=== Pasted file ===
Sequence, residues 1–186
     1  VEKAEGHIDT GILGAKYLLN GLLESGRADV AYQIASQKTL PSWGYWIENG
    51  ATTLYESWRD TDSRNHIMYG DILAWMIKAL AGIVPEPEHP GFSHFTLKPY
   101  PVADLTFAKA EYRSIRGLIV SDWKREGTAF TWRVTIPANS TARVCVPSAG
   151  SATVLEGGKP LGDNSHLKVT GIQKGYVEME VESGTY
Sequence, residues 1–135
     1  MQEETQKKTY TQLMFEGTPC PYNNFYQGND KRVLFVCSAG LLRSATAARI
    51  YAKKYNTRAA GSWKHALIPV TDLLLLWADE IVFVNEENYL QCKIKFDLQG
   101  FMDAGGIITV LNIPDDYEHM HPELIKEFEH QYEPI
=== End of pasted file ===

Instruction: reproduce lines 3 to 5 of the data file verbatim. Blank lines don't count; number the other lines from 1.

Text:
    51  ATTLYESWRD TDSRNHIMYG DILAWMIKAL AGIVPEPEHP GFSHFTLKPY
   101  PVADLTFAKA EYRSIRGLIV SDWKREGTAF TWRVTIPANS TARVCVPSAG
   151  SATVLEGGKP LGDNSHLKVT GIQKGYVEME VESGTY